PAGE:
A new chapter for Jewish scholarship.
(photo credit:Marc Israel Sellem)
Last year, the film Footnote (Hebrew: He’arat Shulayim) was nominated for an
Academy Award in the category of Best Foreign Film. Many of the viewers didn’t
know much about the Talmud except, perhaps, for knowing it is a law book,
different from the Jewish Bible. It wasn’t necessary to have studied so much as
a page to rave about the film and to identify with the strained relationship
between two talmudic scholars, a father and son teaching at the Hebrew
University of Jerusalem.
The Talmud is made up of two parts: the Mishna
and the Gemara. The Gemara is the much longer part, commenting on the laws
outlined in the Mishna. The text of the Mishna is printed in the center of the
page without any punctuation. It is not clear where sentences begin or end, and
it is written in a stenographic style in order that a full understanding of the
text means the reader has to fill in the concepts between words or
There are actually two Talmuds: the longer Babylonian Talmud and
the briefer Jerusalem Talmud. The Talmud was not even finished when various
rabbis began to comment on it, and there is rarely a rabbi to this day who
doesn’t, in one way or another, rely on the Talmud for teaching and for sermonic
The most famous commentators are Maimonides, Rashi, and his
grandsons, who are called the Tosafot.
The Koren Talmud Bavli, commonly
referred to as the Steinsaltz because of its commentary by Rabbi Adin
Steinsaltz, is the latest English translation of the Talmud.
already published new translations of the prayer book and the mahzor (prayer
book for the High Holy Days). Koren uses its own Hebrew fonts.
magazine has called Steinsaltz a “once-in-a-millennium scholar,” and his new
endeavor underlines that accolade.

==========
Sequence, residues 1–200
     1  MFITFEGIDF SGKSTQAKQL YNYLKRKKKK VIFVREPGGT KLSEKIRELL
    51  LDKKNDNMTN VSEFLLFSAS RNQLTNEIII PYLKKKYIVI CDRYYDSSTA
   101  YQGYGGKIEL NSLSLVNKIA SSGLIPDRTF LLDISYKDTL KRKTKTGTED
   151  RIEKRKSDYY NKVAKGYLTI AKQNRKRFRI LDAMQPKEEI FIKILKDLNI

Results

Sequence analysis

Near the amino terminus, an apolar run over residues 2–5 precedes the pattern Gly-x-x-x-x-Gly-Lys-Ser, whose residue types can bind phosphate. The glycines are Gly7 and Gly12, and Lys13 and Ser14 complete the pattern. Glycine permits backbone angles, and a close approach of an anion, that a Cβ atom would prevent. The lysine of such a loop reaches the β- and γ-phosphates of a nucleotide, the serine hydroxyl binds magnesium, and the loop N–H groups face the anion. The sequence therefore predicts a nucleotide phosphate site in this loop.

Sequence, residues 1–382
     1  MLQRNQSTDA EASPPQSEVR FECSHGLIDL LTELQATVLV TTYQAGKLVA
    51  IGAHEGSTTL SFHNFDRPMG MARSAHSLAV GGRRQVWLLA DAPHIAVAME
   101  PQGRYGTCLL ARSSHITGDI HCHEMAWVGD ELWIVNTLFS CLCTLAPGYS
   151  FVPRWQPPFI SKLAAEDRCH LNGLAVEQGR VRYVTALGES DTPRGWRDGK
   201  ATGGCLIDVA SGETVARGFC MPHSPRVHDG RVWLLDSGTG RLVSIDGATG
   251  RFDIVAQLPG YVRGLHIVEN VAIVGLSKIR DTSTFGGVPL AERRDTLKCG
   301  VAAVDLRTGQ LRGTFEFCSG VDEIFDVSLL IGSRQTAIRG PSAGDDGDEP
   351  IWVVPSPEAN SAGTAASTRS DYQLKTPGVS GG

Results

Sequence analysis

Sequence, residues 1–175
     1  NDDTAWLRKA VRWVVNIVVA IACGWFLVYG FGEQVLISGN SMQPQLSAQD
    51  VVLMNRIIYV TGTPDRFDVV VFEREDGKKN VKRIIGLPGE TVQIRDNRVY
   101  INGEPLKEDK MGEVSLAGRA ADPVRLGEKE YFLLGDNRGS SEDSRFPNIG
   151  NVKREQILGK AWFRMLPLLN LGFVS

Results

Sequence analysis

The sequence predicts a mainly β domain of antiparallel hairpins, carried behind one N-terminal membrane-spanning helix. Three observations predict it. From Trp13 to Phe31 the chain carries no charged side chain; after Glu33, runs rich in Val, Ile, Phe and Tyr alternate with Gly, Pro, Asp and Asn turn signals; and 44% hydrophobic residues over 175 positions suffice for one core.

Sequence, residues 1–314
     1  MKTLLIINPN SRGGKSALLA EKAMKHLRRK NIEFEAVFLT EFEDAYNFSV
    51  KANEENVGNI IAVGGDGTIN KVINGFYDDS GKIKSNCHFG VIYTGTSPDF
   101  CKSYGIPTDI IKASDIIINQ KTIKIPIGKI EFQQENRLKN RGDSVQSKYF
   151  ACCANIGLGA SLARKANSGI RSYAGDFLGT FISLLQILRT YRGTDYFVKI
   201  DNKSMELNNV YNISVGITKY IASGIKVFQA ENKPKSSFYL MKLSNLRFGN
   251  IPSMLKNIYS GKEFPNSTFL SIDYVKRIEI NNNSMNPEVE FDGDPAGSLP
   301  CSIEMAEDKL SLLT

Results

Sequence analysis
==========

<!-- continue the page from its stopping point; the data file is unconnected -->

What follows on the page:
Certainly, part of the enormous hope
for these volumes (the plan is to publish a tractate a month) is to engage
Englishreading students in the Daf Yomi course of study. Daf Yomi is a
systematic study of the Talmud a page at a time every day of the year, thus
taking seven years to read the entire Babylonian Talmud.
ago opened the door to thousands of students with his translation of the ancient
text into modern Hebrew and his accompanying explanations.
ago, the rabbi published some volumes with English translation and commentary
through Random House. The Koren Talmud is quite different from those volumes as
well as from other texts with English translation. The venerable Soncino English
translation is still a monument to the Wissenschaft des Judentums – that is, the
scientific study of Judaism. However, Steinsaltz is a pioneer in that he edited
the actual text with punctuation and also added pointing to indicate vowels. For
good measure, these new volumes punctuate and point the commentary of Rashi as
The studious might ask what the difference is between this new
Koren edition and the already available ArtScroll by rabbis Nosson Scherman and
Meir Zlotowitz. Both fill in the blanks, so to speak, illuminating the
translation to make it more understandable. Some of the differences are quite
subtle. ArtScroll uses the Ashkenazi pronunciation for words in its commentary,
whereas Steinsaltz uses Sephardi. ArtScroll prints the traditional page of the
Vilna edition facing a page of translation, going phrase by phrase. The new
Steinsaltz presentation features all of the pages of the Talmud with the
pointing, and the Rashi is pointed as an entire uninterrupted set. Readers
seeking the English translation begin on the opposite page to read the Hebrew
and Aramaic texts side-by-side with the English translation. The Steinsaltz has
the entire tractate in one volume; ArtScroll covers the same material in two.
The Koren volume also has color plates of archeological discoveries that
illuminate the talmudic text.
However, a significant difference appears
to be in the use of the color of the paper. The Steinsaltz uses a cream-colored
paper which is probably easier on the eyes; ArtScroll’s is white. The Koren font
makes this version easier to read.
An impartial reader might have
difficulty seeing the differences in the presentations in these
Both present the Talmud as a holy book and a serious guide to
daily Jewish life. It might seem that ArtScroll has dominated the market: its
prayer books are well known and widely used. Nevertheless, Rabbi Steinsaltz has
a very wide following and is much admired for his scholarship.
lines of tractate Berachot concludes with the words of Rabbi Elazar quoting
Rabbi Hanina: “Torah scholars increase peace in the world.”
commentary, Rabbi Steinsaltz observes, “There is a principle among the Sages
that one should conclude on a positive note.”
And so, my positive note:
This is an important contribution to Talmud study and to living a Jewish life.